Visually speaking the film looks splendid with some Gaspar Noe inspired camera rotations rendered by Eli Born of Hulu’s Hellraiser remake.  Much of the film resides in dark shadows though there’s also room for a few broad daylight scares.  Set pieces of ceilings being infected by darkness like vines or roots of a tree compounded with lit candles on the floor look remarkable and startling in panoramic widescreen and silhouetting becomes a prominent scare tactic in the film.  Sound wise the moody and ambient horror score by Patrick Jonsson who did the score for the Oscar winning The White Helmets and its an effectively unsettling soundtrack that helps augment the atmosphere and only taking center stage when it needs to. 
Sophie Thatcher as the film’s scream queen, fresh off of Yellowjackets, gives a strong horror performance with a lot of emotions onscreen including but not limited to crying out in sorrow or terror.  Equally strong is Bird Box child actress Vivien Lyra Blair, fresh off of Obi-Wan Kenobi as a child Leia Organa, as the terrified little sister who is among the first to cross paths with the titular The Boogeyman.  Chris Messina is mostly fine as the grieving father though special attention should go to Madison Hu as Sadie’s best friend who tries repeatedly to reconnect with her but keeps getting caught up with the popular girls at school and an attempt to bring them all together with the invisible entity involved goes horribly awry.  It’s a somewhat sympathetic character who tries unsuccessfully to meet our heroine in the middle while getting dangerously close to the firing line herself.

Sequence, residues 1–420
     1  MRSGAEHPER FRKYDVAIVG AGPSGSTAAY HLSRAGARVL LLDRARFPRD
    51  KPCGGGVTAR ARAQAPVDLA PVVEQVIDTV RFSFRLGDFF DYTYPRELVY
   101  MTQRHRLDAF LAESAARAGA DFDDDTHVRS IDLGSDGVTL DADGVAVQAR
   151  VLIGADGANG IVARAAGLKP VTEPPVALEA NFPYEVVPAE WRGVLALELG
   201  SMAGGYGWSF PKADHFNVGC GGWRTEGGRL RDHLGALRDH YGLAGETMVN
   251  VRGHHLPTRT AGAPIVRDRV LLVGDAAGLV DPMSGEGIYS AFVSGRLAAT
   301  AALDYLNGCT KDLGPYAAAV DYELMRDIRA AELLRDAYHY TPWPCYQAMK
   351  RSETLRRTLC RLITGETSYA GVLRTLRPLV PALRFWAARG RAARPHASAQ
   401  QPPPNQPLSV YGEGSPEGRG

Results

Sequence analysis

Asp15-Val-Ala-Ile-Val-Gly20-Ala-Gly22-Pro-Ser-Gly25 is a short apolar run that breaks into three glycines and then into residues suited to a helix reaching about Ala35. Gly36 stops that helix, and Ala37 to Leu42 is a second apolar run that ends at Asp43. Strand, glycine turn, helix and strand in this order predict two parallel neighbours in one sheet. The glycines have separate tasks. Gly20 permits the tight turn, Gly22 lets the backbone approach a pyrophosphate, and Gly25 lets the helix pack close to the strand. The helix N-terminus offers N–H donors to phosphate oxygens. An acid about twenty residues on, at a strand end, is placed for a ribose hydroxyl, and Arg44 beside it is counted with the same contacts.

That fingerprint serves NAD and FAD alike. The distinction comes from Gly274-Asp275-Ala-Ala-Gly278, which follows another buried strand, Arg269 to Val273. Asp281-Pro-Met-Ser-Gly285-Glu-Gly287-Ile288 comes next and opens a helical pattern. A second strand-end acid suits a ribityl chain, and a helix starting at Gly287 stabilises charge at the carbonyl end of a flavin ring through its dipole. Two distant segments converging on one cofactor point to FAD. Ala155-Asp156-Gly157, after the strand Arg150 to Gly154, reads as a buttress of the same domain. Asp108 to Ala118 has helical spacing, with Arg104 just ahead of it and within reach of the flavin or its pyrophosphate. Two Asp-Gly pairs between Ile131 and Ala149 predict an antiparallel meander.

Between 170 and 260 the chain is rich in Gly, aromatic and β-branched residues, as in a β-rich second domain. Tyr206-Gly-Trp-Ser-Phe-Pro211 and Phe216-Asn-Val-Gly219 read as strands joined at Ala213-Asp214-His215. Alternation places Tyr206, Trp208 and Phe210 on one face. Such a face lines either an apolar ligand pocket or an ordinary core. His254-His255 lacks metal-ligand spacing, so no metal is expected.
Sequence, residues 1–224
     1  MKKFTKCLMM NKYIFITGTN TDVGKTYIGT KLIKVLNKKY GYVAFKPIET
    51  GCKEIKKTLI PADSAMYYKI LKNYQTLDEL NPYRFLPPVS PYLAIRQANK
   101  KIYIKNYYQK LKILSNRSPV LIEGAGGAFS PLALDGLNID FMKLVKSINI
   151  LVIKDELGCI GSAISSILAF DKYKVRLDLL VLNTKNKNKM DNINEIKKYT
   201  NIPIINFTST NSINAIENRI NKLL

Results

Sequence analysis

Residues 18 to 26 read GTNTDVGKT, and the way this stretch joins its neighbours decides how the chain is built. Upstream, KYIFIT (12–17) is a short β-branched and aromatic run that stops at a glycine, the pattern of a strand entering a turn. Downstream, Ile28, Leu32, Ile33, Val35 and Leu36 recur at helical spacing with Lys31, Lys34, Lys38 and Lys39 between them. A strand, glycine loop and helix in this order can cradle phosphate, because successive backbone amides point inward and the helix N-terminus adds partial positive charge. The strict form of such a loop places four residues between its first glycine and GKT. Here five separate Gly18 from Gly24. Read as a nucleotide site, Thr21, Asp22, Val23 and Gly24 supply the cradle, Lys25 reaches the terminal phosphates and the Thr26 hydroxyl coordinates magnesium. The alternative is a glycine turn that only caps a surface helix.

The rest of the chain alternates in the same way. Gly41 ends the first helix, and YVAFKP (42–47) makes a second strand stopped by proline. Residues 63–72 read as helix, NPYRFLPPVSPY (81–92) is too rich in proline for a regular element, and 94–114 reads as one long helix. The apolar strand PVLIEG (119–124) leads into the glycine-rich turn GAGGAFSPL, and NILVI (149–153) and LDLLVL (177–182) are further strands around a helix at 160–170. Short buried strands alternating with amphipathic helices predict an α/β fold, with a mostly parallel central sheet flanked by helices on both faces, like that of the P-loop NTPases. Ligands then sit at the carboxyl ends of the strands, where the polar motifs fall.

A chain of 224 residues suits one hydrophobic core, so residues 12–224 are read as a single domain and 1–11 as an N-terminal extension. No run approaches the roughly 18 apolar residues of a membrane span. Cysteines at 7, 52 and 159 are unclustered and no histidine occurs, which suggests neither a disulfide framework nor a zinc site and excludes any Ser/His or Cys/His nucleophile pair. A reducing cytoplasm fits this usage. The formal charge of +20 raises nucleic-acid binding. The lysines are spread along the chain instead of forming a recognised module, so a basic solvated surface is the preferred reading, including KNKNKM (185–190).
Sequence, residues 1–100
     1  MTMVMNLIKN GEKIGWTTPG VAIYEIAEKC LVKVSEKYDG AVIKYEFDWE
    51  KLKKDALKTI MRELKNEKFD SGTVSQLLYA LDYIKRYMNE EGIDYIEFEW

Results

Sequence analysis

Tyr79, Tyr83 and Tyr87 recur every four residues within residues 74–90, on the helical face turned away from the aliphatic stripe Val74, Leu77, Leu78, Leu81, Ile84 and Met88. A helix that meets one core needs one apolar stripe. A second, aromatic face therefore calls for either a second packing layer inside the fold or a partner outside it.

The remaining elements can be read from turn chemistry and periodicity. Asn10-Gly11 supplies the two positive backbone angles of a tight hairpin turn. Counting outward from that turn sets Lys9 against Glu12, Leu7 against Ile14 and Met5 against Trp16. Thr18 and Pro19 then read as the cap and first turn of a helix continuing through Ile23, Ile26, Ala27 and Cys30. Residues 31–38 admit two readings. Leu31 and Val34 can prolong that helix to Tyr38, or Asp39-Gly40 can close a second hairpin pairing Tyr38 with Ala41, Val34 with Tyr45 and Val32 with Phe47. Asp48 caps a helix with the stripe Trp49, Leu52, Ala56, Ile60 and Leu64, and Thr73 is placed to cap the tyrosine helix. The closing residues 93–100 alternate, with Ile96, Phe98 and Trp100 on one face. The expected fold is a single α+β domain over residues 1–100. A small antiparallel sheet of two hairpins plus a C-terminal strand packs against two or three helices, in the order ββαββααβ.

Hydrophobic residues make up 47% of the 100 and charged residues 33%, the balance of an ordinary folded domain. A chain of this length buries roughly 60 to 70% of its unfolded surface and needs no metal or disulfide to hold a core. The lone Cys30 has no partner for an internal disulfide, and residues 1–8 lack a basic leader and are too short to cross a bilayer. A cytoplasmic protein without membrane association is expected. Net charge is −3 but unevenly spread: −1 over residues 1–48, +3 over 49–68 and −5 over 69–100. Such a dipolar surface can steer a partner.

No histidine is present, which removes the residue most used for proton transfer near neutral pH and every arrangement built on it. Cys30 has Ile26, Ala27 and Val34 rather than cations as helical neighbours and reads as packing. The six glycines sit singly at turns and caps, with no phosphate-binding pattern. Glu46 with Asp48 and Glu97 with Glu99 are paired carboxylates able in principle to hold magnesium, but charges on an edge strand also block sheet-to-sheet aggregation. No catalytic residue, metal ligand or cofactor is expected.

Intended for Hulu also ala Prey (which still lacks a physical media release) before test screenings and a successful theatrical run of Evil Dead Rise changed the studio’s mind and further earned Stephen King’s endorsement, The Boogeyman is a mostly fine supernatural horror thriller aimed at the teenage crowd while also quenching the thirsts of many a King die-hards.  Being one of many movies with the same concept and same title, it is somewhat hard to get excited or worked up about The Boogeyman especially when compared to some of the other screen horrors we got earlier this year (Infinity Pool; Scream; Inside; The Outwaters) as well as the further uncensored proliferation of horror on television.  Fans of the jump scare or audiences who have never seen a horror film in their life might soil their theater seats while the rest of us shrug and move on.  At best a fair King adaptation which the (no pun intended) King of horror himself seemed to enjoy.

--Andrew Kotwicki